Malawi is a low-income country in sub-Saharan Africa with a population of approximately 18 million people, including over three million children under 5 years of age. Queen Elizabeth Central Hospital (QECH) is a 1250-bed public tertiary hospital in Blantyre, Malawi, with a catchment area of approximately six million people in the southern part of the country. This prospective, observational study was performed from January 2018 to June 2021 at QECH in conjunction with the “Treating Brain Swelling in Paediatric Cerebral Malaria” clinical trial (5U01AI126610-02, ClinicalTrials.gov NCT03300648). The study was approved by the ethics committee at Michigan State University and at the University of Malawi College of Medicine Research Ethics Committee (COMREC). All subjects’ guardians provided verbal and written informed consent.

Children 6 months to 12 years of age who met the World Health Organization case definition of cerebral malaria (Plasmodium falciparum parasitaemia, Blantyre Coma Score (BCS) ≤ 2, and no other discernable cause of encephalopathy) were approached for enrollment [1]. Direct and indirect ocular fundoscopy was performed at admission, and patients were subgrouped as retinopathy positive or negative based on the presence or absence of characteristic retinal findings previously reported in CM [31]. Children with sickle cell disease (known or suspected) were excluded, given the high frequency of abnormal TCD examinations in this population. Likewise, given the unknown impact of severe malnutrition (mid-upper arm circumference < 11 cm) or advanced HIV disease (known HIV positive status with severe wasting) on TCD examinations, these children also were excluded.

Demographic data, vital signs, and physical examination findings were collected. Finger-prick samples were analysed to determine parasite species and density, packed-cell volume, and blood glucose and lactate concentrations (Aviva Accu-Check, Zurich, Switzerland and Arkray Lactate Pro 2, Kyoto, Japan). Finger-prick samples were also obtained for blood gas analysis (Abbot iSTAT, Chicago, Illinois, USA). Venous blood was drawn to obtain a complete blood count and electrolyte analysis (Coulter Counter; Beckman Coulter, Brea, California, USA). Parasite counts, packed-cell volume, glucose, and lactate concentrations were evaluated every six hours until the BCS was 5 or for 72 h, whichever came later. An admission lumbar puncture was performed, opening pressure measured, and the cerebrospinal fluid was analysed [32, 33]. All patients underwent an admission electroencephalogram (EEG)(Ceegraph digital machine, BioLogic, Natus Medical Incorporated, Pleasanton, California, USA) with a modified 10–20 system to evaluate for non-convulsive status epilepticus. EEGs were clinically reviewed by a neurologist with fellowship training in EEG to evaluate for seizures/subclinical status epilepticus. When imaging capabilities were available (2018–2019 and March-June 2021), participants underwent a brain magnetic resonance imaging (MRI)(0.35-T Signa Ovation Excite, General Electric, Boston, Massachusetts or 0.064-T Hyperfine Swoop® Guilford, Connecticut, USA) to evaluate the brain volume [2]. MRIs were systematically reviewed by radiologists experienced in radiographic findings of children with CM. All patients underwent daily, non-invasive, evaluation of their systemic haemodynamics including cardiac output, cardiac index (CI), stroke volume, stroke volume index (SVI), and systemic vascular resistance using a handheld portable ultrasound device (Butterfly IQ, Guilford, CT, USA). CI was calculated as = Heart rate x SVI and SVI as = End diastolic volume – End systolic volume. Optic nerve sheath diameter was also measured daily (Butterfly IQ, Guilford, CT, USA).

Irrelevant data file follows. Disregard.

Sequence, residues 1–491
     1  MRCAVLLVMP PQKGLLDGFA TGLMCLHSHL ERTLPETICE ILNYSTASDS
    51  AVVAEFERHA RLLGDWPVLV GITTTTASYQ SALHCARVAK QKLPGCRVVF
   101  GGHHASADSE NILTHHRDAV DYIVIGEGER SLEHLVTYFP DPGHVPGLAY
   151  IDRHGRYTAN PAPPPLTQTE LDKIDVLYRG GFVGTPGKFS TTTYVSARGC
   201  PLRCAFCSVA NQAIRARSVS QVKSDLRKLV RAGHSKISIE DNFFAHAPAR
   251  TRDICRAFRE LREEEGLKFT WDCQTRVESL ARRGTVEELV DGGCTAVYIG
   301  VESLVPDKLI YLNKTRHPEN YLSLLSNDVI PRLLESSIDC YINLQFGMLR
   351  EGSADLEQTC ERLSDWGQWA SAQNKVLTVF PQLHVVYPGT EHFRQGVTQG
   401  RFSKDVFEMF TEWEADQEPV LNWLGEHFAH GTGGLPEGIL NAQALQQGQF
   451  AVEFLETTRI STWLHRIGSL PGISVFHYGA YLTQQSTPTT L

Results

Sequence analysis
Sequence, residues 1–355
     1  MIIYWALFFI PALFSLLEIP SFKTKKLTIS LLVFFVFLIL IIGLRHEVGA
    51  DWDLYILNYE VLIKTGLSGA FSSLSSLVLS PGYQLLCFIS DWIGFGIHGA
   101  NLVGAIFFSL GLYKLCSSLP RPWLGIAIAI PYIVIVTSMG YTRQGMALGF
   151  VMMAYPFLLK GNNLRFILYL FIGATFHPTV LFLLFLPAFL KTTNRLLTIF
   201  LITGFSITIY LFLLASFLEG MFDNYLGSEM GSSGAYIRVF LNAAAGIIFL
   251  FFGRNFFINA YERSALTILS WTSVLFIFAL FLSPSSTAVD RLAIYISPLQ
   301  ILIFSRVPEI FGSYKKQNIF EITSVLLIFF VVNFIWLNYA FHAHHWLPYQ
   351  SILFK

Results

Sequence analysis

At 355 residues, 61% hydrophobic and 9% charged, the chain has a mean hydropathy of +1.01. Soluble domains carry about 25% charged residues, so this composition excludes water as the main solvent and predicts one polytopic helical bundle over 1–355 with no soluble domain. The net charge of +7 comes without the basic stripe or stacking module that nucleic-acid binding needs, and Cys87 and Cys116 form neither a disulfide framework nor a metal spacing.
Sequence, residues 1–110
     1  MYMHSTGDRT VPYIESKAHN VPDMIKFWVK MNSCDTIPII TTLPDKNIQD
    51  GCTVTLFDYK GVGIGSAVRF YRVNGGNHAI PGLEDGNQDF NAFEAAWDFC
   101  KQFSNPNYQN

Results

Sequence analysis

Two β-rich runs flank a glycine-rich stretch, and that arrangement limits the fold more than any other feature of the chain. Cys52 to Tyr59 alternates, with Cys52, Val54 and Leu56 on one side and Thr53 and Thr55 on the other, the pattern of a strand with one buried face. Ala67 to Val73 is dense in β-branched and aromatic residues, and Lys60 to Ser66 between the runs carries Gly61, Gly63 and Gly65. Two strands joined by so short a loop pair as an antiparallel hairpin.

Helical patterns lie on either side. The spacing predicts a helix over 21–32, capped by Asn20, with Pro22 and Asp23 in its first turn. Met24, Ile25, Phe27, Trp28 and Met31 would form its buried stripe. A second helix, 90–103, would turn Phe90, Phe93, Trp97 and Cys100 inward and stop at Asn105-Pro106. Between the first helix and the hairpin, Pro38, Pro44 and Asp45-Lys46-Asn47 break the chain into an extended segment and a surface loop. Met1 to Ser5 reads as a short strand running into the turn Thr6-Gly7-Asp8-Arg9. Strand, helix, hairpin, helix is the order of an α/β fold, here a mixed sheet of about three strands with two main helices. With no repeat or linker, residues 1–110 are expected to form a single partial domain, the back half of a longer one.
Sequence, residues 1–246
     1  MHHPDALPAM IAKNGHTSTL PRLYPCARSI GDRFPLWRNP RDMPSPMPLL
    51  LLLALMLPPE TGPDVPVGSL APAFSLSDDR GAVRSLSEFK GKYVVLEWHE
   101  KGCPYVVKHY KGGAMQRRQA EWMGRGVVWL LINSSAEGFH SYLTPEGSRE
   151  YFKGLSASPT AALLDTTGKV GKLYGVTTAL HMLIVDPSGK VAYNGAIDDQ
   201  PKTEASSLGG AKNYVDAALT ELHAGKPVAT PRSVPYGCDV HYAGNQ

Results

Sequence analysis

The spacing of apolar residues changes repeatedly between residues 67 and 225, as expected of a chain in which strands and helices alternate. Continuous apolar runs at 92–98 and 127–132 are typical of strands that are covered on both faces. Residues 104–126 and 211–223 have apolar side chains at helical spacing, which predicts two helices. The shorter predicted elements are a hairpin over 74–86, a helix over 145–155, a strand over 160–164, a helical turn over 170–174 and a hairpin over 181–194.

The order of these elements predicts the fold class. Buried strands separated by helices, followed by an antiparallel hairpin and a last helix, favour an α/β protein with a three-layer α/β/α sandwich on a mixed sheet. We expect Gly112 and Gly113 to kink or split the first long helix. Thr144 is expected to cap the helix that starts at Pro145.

All patients received intravenous artesunate according to national guidelines. Patients received 20 mL/kg of whole blood if admission packed cell volume was < 15% or > 15% but with signs of intolerance (defined as respiratory distress or haemodynamic compromise with capillary refill time > 2 s, weak pulse, and/or cool extremities). Intravenous dextrose (1 mL/kg of Dextrose 50%) was given when documented hypoglycaemia occurred (< 3 mmol/L). Clinical or sub-clinical seizure activity identified on EEG was treated with 0.2 mg/kg of diazepam followed by phenobarbital 20 mg/kg.

TCD examinations

TCD was performed using a commercially available unit (NovaSignal, Los Angeles, California, USA). One limitation of TCD is that it is operator dependent with diagnostic accuracy depending on the skill and experience of the examiner. All study personnel who performed TCD examinations for this study participated in 10 h of online didactic training, completed > 50 proctored TCD examinations, and demonstrated a coefficient of variation < 10% for each study measurement compared to the trainer (author NO) before being considered proficient for independent TCD scanning.